It starts in the desert.
In the beginning of the world, says Genesis, the whole earth was a void and the spirit of God swept over it. This desert out on the banks of the Jordan is no void—even in the night the camels moan and the crickets chirp—but when it does get quiet some say you can still feel the spirit of God sweep by, breathe it deep down into your chest.
A long time ago, the prophet Amos looked out past his orchards and his flocks west of the river to the desert in the east and said There are days coming—yes, the vision must have fallen on him the way the sunset can make the desert suddenly cold—There are days coming says the Lord God when I’ll send a famine in the land. Not a hunger for bread or a thirst for water, but for words of the Lord. And the ground itself will grow parched and cracked with your deafness and my absence.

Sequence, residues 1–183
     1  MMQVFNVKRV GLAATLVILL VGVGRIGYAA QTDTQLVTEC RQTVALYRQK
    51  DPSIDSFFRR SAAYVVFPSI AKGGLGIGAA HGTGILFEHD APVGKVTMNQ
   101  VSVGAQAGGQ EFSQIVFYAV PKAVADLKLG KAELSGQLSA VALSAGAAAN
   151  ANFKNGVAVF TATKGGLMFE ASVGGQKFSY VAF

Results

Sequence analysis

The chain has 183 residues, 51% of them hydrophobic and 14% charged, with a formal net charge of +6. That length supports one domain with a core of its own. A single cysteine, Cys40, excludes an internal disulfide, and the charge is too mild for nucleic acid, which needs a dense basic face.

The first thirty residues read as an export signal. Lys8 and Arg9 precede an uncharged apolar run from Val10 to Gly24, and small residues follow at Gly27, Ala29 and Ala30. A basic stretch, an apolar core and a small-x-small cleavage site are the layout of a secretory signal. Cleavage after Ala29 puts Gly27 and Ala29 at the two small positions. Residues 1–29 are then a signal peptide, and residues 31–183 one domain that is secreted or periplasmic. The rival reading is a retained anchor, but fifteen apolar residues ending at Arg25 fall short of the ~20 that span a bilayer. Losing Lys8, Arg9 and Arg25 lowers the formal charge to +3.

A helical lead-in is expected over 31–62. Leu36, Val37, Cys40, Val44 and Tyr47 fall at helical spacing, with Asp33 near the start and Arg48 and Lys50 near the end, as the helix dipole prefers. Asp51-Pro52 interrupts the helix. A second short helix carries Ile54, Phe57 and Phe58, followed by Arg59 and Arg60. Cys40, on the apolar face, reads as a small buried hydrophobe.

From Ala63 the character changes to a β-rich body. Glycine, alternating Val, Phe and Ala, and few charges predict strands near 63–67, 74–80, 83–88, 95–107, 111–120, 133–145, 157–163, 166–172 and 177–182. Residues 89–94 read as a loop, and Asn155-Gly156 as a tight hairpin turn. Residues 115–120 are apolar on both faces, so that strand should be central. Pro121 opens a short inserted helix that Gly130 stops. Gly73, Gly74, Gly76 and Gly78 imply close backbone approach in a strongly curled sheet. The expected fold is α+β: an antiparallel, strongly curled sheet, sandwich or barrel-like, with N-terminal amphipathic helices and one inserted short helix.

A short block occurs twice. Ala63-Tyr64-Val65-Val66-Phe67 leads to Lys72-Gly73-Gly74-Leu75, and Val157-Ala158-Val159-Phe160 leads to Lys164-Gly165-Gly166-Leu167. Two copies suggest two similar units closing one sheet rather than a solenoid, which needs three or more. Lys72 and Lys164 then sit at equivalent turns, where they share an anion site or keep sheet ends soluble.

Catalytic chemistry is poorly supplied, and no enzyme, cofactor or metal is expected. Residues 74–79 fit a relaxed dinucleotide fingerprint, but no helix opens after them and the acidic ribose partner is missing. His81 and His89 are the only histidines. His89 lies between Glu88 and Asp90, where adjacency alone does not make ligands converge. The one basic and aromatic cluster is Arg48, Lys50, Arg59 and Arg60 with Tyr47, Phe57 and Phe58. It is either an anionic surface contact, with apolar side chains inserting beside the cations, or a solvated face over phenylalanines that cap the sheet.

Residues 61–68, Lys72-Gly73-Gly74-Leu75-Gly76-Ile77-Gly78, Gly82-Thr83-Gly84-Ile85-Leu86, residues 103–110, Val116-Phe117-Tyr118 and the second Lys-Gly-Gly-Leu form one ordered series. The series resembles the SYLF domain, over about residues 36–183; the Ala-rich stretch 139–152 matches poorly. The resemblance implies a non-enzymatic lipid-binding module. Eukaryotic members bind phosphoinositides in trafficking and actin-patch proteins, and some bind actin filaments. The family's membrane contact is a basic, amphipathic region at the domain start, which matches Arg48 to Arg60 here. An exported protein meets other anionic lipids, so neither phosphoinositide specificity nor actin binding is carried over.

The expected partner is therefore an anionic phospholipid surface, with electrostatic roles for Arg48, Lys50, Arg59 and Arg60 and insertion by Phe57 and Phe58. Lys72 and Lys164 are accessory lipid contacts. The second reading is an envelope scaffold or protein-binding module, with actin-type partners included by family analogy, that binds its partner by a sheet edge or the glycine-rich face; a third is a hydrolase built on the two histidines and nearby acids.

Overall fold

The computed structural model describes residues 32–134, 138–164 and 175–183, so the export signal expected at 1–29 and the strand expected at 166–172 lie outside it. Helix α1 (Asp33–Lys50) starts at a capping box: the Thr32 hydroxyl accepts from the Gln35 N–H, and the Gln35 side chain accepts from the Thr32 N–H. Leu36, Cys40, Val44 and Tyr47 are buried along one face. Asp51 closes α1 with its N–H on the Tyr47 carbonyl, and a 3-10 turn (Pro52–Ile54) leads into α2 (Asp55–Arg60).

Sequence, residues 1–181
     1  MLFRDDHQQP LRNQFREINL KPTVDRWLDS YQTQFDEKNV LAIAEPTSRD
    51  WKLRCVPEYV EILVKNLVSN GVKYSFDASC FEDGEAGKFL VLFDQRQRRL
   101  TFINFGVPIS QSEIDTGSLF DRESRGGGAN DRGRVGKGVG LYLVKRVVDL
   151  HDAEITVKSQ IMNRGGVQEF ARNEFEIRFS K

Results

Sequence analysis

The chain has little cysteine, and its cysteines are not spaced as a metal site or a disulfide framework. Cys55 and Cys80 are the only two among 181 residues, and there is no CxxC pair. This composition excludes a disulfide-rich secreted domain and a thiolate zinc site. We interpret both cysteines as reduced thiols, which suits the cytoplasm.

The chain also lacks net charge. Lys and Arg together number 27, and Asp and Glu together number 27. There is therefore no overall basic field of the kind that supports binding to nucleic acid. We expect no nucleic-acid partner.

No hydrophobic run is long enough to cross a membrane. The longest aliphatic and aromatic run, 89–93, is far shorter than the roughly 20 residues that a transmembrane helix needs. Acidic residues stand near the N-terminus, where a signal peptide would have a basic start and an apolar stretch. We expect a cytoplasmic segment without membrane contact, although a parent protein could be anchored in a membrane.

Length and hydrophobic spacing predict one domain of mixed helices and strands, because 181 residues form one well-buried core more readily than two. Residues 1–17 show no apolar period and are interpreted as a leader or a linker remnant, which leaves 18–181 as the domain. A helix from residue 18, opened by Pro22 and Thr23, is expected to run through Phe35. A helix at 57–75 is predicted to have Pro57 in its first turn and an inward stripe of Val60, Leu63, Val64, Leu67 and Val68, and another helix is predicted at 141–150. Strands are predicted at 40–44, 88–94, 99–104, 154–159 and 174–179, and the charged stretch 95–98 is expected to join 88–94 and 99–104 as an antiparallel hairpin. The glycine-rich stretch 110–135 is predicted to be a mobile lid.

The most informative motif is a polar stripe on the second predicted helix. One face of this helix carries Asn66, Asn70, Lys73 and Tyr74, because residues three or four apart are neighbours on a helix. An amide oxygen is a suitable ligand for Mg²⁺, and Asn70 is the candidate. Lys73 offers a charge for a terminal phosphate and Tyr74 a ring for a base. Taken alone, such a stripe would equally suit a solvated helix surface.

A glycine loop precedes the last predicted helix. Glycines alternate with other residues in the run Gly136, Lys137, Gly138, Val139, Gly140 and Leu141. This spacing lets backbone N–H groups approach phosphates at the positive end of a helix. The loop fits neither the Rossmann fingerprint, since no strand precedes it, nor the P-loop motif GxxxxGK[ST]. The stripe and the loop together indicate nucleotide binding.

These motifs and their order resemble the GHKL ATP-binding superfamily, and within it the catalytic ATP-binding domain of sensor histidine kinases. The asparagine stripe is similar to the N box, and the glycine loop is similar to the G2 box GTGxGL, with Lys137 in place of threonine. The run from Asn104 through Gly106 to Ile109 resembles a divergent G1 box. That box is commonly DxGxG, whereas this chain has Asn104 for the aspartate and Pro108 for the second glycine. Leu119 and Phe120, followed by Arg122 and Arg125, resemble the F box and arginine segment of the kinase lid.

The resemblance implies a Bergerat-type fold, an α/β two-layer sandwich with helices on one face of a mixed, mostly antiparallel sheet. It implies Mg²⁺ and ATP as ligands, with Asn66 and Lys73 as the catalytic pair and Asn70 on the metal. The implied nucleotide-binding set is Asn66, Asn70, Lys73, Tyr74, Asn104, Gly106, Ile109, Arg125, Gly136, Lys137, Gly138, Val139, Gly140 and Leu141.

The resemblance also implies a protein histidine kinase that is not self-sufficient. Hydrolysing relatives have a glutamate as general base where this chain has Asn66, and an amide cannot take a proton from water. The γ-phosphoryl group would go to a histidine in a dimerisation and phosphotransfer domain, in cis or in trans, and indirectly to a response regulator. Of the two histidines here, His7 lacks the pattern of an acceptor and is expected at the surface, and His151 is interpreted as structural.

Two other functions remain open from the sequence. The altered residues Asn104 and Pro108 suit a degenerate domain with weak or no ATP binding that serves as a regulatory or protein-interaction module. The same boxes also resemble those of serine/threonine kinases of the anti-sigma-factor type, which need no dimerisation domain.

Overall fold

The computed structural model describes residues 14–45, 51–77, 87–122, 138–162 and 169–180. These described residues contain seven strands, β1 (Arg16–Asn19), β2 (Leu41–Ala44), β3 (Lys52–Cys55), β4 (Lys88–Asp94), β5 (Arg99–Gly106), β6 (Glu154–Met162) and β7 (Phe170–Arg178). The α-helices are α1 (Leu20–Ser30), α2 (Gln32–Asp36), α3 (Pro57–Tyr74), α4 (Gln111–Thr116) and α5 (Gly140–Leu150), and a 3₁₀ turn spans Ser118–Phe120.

There are days coming said the prophet when men will wander from sea to sea, from the north to the east, they’ll run back and forth, looking for a word from me.
But they won’t find it.
It’ll be too dry, he said.
So John doesn’t wander from sea to sea. John doesn’t run this way or that. He walks straight into the river until it covers his head then out the other side where the dust gets mixed in his beard. He listens to the camels moan and the crickets chirp, and then to the silence.
The dead prophet Amos smiles. It starts to rain.